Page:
California poppies are perennial plants that grow to between 12 and 18 inches in height and produce colorful flowers. The flowers can be a myriad of colors, including yellow, orange, white, pink and red. They are highly drought tolerant and only require minimum care and maintenance to survive. California poppies are the state flower of California, and bloom between April and August.
things you’ll need:
- Coarse sand (optional)
- Poppy seeds
- Choose a location to grow the poppies that receives six to eight hours of full sunlight. Ensure the soil has good drainage and does not accumulate any standing water. Mix clean coarse sand with the soil to increase drainage if necessary.
- Use a rake to prepare the soil. Plant each seed in a small hole about ¼ inch deep. Keep the soil consistently moist, but not soggy, for one to three weeks or until the plants emerge.
- Reduce the amount of water applied after the poppies begin to flower. Water the poppy plants two to three times a week, or anytime the soil becomes completely dry.
- Remove any spent flowers as soon as possible, by pinching them off at the point the flower meets the stem. Dead flowers will draw nutrients from other parts of the plant and will reduce the number of blossoms produced.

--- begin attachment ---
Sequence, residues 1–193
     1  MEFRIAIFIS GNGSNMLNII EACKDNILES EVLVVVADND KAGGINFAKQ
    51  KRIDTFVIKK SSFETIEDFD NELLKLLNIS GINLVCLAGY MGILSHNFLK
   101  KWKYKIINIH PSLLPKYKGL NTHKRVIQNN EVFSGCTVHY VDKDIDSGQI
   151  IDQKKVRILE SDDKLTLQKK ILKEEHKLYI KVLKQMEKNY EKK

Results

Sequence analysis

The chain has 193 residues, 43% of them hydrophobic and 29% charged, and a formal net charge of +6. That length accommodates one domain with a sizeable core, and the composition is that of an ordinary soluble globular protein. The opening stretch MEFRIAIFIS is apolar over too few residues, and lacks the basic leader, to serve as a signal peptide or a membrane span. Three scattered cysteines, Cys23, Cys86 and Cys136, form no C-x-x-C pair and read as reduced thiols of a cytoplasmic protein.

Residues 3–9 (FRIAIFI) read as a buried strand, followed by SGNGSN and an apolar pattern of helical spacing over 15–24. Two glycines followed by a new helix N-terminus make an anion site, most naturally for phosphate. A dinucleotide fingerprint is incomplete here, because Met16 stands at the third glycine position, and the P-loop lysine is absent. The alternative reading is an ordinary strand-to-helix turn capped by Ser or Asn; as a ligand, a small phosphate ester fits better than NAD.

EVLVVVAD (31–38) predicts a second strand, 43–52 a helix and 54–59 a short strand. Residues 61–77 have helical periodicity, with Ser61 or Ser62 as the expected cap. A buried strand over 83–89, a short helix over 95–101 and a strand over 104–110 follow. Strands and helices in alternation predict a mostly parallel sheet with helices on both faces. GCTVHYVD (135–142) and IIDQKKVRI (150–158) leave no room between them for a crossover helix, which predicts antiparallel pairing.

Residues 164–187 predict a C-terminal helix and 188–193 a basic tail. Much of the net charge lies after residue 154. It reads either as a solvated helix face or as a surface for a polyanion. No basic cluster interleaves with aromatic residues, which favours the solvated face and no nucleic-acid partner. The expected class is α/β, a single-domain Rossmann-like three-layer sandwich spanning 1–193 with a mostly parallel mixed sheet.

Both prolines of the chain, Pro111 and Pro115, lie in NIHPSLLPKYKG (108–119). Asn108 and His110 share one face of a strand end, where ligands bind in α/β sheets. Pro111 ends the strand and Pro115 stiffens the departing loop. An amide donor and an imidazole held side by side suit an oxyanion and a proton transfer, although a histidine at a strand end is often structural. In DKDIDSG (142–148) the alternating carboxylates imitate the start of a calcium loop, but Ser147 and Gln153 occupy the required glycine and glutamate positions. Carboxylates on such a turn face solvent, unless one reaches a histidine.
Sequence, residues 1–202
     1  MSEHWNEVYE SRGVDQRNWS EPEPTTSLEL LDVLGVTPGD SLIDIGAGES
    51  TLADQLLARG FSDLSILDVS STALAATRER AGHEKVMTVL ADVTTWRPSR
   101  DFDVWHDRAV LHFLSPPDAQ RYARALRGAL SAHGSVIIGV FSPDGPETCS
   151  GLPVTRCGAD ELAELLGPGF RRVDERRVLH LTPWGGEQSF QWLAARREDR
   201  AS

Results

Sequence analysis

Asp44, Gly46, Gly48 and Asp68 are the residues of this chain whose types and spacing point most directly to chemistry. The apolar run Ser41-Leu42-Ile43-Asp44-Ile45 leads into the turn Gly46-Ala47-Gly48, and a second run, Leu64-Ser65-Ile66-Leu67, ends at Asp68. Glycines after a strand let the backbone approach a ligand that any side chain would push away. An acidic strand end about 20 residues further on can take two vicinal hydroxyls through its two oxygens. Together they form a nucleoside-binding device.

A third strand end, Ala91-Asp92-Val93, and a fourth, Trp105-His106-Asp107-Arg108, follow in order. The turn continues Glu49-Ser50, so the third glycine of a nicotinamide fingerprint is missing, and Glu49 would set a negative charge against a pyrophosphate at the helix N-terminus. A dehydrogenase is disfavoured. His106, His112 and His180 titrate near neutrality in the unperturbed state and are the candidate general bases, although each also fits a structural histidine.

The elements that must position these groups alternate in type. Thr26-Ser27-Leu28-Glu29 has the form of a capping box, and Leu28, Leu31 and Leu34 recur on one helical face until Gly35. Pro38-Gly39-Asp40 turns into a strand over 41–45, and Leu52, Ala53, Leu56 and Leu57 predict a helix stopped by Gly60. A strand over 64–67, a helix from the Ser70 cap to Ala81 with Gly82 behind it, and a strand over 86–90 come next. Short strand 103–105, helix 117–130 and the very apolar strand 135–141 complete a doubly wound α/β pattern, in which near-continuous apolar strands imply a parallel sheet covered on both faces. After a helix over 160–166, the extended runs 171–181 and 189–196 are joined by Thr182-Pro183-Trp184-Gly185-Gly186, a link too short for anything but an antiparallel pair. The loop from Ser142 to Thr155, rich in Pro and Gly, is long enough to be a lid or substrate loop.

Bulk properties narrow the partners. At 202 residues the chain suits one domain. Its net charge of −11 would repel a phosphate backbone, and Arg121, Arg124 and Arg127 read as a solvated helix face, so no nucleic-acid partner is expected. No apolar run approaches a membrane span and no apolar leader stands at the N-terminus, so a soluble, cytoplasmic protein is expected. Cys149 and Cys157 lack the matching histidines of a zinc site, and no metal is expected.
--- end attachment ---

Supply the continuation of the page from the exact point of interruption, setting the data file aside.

- Feed California poppies only when they are in poor health. Fertilizing healthy poppies causes them to focus on growing foliage as opposed to flowers. Use a balanced 10-10-10 NPK fertilizer following the manufacturer’s directions.
Tips & Warnings
California poppies grow a deep taproot, and are not suited well to growth in pots or containers. Poppies are best planted in early spring, around late March or early April.
Never fertilize California poppies in winter. This is their dormant time, and they will not use most of the nutrients released. Always water before and after feeding and never allow fertilizer to touch the foliage or stem of the poppies.